Caregivers of those with dementia may benefit from tailored interventions

July 18, 2013, Lifespan

Rhode Island Hospital researchers have found that multiple factors contribute to the burden felt by caregivers of people living with Alzheimer's and other forms of dementia. These factors include the direct impact of providing care upon the caregivers' lives, guilt, and frustration or embarrassment. The study is published online in advance of print in American Journal of Geriatric Psychiatry.

The study, conducted by Beth A. Springate, Ph.D, and Geoffrey Tremont, Ph.D, of the division of in the department of psychiatry at Rhode Island Hospital, found that may benefit from interventions tailored to their specific type of burden.

"Caregivers are often physically and emotionally exhausted when caring for a spouse or parent who is suffering from some form of , including Alzheimer's," Springate said. "There are so many factors that contribute to the burden felt by the caregiver, such as the relationship between the caregiver and patient, the severity of the dementia and the age of the caregiver. There is simply no one-size-fits-all response to their burden, and they would greatly benefit from interventions specific to their situation."

These burdens can have detrimental effects on the caregiver, including poorer physical health, increased rates of and depression.

According to the Alzheimer's Association, there are 5 million people in the U.S. with Alzheimer's, and it is the country's sixth leading cause of death. More than 15 million family and friends provide care for those with Alzheimer's and other forms of dementia, resulting in 17.5 billion hours of unpaid care each year.

"It's taxing to say the least," said Tremont, the study's senior author. "Their lives are essentially put on hold while they care for their loved ones, and their own health can suffer as a result. It's hard to worry about taking care of yourself when you feel responsible to take care of someone else, someone who has needs that seem much greater than your own."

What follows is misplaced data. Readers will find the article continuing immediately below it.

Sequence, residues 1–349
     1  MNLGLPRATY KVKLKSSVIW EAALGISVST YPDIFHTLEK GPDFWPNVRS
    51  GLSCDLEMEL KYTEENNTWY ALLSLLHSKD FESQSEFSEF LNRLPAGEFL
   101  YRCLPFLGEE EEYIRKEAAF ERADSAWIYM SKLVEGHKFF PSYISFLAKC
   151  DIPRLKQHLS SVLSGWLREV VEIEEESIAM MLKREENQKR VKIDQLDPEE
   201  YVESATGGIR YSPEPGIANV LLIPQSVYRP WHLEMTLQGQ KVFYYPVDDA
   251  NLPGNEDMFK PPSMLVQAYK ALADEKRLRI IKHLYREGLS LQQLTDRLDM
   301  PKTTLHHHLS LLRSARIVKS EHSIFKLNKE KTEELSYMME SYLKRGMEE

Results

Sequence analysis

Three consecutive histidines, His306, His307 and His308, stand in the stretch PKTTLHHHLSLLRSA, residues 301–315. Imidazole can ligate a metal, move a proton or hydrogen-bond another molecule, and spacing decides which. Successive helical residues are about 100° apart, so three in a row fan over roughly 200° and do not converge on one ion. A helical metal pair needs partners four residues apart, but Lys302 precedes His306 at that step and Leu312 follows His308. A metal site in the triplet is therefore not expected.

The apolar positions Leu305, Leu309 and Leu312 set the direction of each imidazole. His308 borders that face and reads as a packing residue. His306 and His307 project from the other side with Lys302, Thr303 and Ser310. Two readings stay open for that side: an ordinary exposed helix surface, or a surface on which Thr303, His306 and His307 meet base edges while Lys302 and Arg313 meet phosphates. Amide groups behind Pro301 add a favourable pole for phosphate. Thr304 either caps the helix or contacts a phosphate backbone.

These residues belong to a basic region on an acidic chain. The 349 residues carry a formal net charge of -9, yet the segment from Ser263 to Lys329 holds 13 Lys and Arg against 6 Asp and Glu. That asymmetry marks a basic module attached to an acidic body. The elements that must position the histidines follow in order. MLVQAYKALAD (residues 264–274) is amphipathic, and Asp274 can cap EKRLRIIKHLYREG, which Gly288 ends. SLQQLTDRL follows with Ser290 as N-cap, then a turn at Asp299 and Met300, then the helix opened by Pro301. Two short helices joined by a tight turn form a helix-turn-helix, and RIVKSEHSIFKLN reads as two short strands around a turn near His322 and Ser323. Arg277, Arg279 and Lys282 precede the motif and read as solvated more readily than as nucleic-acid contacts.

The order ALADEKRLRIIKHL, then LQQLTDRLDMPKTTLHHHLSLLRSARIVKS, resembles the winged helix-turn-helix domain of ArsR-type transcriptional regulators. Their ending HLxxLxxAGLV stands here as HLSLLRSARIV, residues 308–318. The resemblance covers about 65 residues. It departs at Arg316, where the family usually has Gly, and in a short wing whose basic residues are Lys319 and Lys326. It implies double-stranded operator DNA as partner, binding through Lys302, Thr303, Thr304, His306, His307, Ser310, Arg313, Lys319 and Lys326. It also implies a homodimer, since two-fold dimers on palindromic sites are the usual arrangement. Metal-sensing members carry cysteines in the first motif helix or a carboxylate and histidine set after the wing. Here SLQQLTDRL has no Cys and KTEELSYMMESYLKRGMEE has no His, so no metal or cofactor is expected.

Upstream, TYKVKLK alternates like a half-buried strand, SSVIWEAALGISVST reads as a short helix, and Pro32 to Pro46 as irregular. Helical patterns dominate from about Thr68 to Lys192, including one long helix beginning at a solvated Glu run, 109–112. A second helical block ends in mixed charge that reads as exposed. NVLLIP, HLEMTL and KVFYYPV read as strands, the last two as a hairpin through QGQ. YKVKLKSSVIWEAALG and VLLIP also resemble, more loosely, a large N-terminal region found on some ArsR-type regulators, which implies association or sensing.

The study observed both spousal caregivers and adult children caregivers, with a total of 206 participants. The results of these participants demonstrated that about 84 percent of caregivers reported a clinically significant burden. Within the three factors that were discovered to be significant contributors to burden, frustration or embarrassment showed a direct correlation to the impact on the caregiver's life. The last factor, feelings of guilt, did not show a correlation to the other factors, however, it did show a direct relation to depressive symptoms, as did frustration and embarrassment.

"Guilt, frustration and embarrassment are all very normal feelings when providing care for someone with dementia," Tremont said. "It's important that caregivers know this, and know that they aren't alone."

The researchers noted that limitations do exist to this study because of the predominantly Caucasian female caregiver population caring mostly for patients with Alzheimer's disease, compared to other types of dementia. Due to this and other factors, further research should be conducted.

Explore further: Study investigates whether improving sleep reduces heart disease risk in caregivers

Related Stories

Study investigates whether improving sleep reduces heart disease risk in caregivers

July 9, 2013